People who have more risk factors for getting a C. diff infection in the first place may be more at risk of a severe infection. They may also have repeat infections, which cause more damage over time.
Common complications include:
As toxic damage in your colon progresses, you may have further complications, including:
If your healthcare provider suspects C. diff infection based on your symptoms, they’ll take a sample of your poop and send it to a lab. The lab will test it for evidence of the toxins C. diff produces.
If you test positive for infection, your healthcare provider may conduct further tests to find out how severe the infection is. These may include blood tests and imaging tests that look inside your colon.
Treatment for C. diff infection is progressive, based on how severe it is. If you developed a C. diff infection while taking antibiotics, your provider might begin by simply stopping those medications.
For some people, this is enough. Their natural gut immunity returns and overcomes the infection. If this doesn’t happen, your provider will prescribe one of the antibiotics known to be effective against C. diff.
Antibiotics to treat C. diff include:
If you have a mild infection, you’ll take the prescription home with you. Most people will begin to improve in a few days. If your infection is more severe, you might need to check in to the hospital.
In the hospital, your provider might give you antibiotics through an IV, along with fluids to prevent dehydration. In some cases, they might deliver medications directly into your colon as an enema.
If you have severe complications, you might need intensive care. In rare cases, providers recommend emergency surgery to remove the source of the infection in your colon. This is called colectomy.
If you’ve recovered, but you continue to have repeat infections after treatment, your options are:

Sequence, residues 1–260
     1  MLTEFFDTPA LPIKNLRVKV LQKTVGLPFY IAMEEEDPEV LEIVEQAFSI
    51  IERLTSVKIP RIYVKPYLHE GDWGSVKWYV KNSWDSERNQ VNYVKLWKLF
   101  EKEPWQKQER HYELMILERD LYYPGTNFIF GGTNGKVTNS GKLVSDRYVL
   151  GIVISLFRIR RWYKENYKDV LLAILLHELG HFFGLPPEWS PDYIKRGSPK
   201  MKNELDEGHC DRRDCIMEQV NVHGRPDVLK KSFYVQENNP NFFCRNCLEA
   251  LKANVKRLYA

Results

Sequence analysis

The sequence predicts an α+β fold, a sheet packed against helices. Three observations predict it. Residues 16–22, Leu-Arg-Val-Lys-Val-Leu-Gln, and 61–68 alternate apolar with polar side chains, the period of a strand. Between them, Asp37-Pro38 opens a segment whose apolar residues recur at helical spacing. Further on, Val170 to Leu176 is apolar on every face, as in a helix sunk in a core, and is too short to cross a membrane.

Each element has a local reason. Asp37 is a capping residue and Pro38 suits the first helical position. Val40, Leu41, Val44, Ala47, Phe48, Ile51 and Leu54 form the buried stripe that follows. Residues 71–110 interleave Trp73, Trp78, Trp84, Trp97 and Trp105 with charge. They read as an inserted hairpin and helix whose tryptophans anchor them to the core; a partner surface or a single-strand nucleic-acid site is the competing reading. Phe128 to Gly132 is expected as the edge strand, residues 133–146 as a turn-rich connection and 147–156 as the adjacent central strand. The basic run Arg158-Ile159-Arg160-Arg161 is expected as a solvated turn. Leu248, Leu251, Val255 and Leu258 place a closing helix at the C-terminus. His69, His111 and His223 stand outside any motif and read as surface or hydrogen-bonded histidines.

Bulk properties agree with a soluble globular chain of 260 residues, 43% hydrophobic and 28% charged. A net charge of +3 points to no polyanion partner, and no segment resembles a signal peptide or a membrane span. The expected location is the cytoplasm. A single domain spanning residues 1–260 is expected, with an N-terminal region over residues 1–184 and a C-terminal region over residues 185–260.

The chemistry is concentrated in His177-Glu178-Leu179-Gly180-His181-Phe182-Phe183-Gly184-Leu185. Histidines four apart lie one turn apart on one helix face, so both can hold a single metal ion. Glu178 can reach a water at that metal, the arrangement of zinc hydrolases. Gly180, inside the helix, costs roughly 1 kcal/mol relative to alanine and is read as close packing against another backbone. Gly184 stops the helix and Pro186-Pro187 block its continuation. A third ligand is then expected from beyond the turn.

Healthcare providers take special precautions when dealing with C. diff infection to help prevent the spread of this highly contagious disease. You can follow their example to help keep others safe.
Most C. diff infections are mild and resolve easily. But the circumstances that cause C. diff infection can also, sometimes, allow it to spread very quickly. C. diff infection can be sudden and severe.
If you have risk factors that make you more vulnerable to C. diff infection, you may be more likely to have a more severe infection or have repeat infections and need more extensive treatment.
It can go away on its own if your intestinal flora returns to defeat it. This is more likely if your intestinal flora is normally strong and you don’t have any long-term health factors that usually weaken it.
If you got the infection because you were taking antibiotics, it might go away after you stop taking them. But don’t wait too long for this to happen. If you don’t improve in a few days, contact your provider.
It’s likely that some of the bacteria will survive after treatment, but you can have some without having an infection. As long as your other gut bacteria also survive, they should help to control C. difficile.
If you have repeat infections, it’s because these other bacteria haven’t been restored yet. Repeat infections may be the original one relapsing, but they aren’t always. Sometimes they’re new infections.
The most common long-term problem is ongoing or repeat infection with C. difficile. This happens when your colon is having trouble recovering completely. Your colon may be slower to recover if:
More rarely, some people develop autoimmune disorders after a severe infection. This means that their immune systems continue to act as though they have an infection even when they don’t anymore.
Autoimmune disorders cause chronic inflammation, which can cause long-term symptoms. Autoimmune disorders that have occurred after C. diff infection include post-infectious IBS (irritable bowel syndrome) and reactive arthritis.
You might want to ask:
A note from Cleveland Clinic
Clostridioides difficile is an ordinary bacterium, and it can live in your gut without doing harm. But when it begins to take over, it can be aggressive. It can be hard to get rid of, both inside and outside your gut.
C. diff’s long lifespan in the environment, and its immunity to most drugs and disinfectants, make it trickier to contain. It’s highly contagious and can be persistent, coming back again and again.
Most people won’t have complications from C. diff. For most people, it goes away quickly and completely. But it can become severe, especially if certain risk factors make you more vulnerable.
If you develop diarrhea after taking antibiotics, tell your healthcare provider. Don’t take anti-diarrhea medications, which won’t help and might make it worse. Get tested for C. diff infection.
Last reviewed by a Cleveland Clinic medical professional on 05/10/2023.
Learn more about our editorial process.